But if the problem is to have in websites areas where visitors (even unregistered ones) can post random text and links, even slashdot is potentially target of the same (maybe should be a "Spam" mod score?) or by the way, any site where unregistered visitors can store content in a way or another, be wiki or not.

  • "Finally"?? (Score:5, Interesting)

    by jdavidb (449077) on Monday June 07, 2004 @01:30PM (#9357802) Homepage Journal

    Isn't it time for Google finally to put some work into refining their results to exclude tricks like this?

    I take extreme issue with that statement, and I'm surprised noone else has challenged it. Google does in fact put quite a bit of work into making themselves less vulnerable to these kinds of stunts. They even have a link on every results page where you can tell them if you got results you didn't expect, so they can hunt down the cause and refine their algorithm.

    The system will never be perfect, and this is the latest issue that has not (yet) been dealt with. Quit your griping.

    • Re:"Finally"?? (Score:3, Informative)

      by jdavidb (449077)

      I checked, and I've got documented evidence of this. On April 25 last year, I reported that earthlink.net was showing up as the top search result [perl.org] for queries involving various religious words, including "Bear Valley Bible Institute." The Church of Scientology (which owns Earthlink) was clearly engaging in something to distort the page rank of earthlink. I had noticed this for a long time before I recorded it.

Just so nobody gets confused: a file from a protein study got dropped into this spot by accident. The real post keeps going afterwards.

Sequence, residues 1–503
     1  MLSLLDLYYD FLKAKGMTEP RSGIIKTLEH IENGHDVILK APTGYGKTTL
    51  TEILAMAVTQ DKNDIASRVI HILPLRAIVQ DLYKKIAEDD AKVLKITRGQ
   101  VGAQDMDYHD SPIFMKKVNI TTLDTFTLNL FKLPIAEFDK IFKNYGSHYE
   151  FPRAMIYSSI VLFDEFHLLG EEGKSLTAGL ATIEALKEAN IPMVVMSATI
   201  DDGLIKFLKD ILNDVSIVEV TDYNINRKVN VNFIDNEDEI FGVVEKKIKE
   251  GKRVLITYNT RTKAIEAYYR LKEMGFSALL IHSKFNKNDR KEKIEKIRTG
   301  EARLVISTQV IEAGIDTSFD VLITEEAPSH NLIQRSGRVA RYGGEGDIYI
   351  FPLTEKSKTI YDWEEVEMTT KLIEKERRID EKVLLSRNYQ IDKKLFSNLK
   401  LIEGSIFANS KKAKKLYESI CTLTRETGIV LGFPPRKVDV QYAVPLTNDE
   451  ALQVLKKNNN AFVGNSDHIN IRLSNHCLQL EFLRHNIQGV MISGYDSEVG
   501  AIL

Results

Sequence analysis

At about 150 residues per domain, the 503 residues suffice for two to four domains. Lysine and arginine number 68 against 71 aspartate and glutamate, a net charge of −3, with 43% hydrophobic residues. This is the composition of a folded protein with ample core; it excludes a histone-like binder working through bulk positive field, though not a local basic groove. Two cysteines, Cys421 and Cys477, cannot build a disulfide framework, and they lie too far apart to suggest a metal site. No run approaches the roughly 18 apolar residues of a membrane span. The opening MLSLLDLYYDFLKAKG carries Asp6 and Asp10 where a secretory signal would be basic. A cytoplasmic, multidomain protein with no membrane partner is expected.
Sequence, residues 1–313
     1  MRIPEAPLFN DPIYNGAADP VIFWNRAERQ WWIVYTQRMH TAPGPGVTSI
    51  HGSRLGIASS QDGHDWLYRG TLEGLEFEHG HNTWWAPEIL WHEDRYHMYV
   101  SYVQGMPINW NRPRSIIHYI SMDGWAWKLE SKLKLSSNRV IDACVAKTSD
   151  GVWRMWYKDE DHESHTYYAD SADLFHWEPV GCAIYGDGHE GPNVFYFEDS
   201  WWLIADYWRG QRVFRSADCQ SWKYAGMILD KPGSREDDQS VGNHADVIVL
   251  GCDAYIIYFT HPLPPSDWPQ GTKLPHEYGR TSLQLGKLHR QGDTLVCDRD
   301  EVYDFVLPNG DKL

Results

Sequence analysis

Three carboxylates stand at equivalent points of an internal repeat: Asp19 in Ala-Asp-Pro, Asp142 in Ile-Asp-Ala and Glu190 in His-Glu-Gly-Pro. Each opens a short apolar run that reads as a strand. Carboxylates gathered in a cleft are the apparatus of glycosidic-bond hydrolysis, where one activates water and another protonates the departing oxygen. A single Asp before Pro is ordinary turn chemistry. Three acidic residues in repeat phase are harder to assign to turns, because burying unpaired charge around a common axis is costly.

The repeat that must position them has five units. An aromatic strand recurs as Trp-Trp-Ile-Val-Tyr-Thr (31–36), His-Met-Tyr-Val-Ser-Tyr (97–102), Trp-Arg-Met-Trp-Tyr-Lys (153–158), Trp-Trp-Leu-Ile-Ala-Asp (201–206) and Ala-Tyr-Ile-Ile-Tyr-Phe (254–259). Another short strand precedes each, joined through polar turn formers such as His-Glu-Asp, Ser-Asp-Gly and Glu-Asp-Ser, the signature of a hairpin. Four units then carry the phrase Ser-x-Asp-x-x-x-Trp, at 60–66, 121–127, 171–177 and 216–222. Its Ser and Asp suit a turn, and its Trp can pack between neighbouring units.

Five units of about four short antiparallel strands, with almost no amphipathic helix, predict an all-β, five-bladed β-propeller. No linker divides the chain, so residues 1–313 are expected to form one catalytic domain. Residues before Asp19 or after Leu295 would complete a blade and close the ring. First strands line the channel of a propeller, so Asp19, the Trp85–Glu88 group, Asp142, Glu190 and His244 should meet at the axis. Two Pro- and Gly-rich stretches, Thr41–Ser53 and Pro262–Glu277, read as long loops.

On that same day, I reported the problem to Google via their feedback mechanism. I note today

      • So at any rate, to sum up, I find the whining about Google "finally" doing something about this to be very unfair, since Google actively works on this kind of problem. It is disingenuous to dismiss their hard work and suggest that they have done nothing.

  • simply make a distinction between "I am looking to buy something" searches vs "I am looking for information about something".

    They are cleary different kinds of searches, and I do both of them, yet I get the same results for both kinds of searches. With the exception for froogle, which is definitely a step in the right direction, but not quite there.

    Although the interface has gotten a little better on altavista (remember them??), but searches like: for used condoms [altavista.com] do not make sense for retail stores at a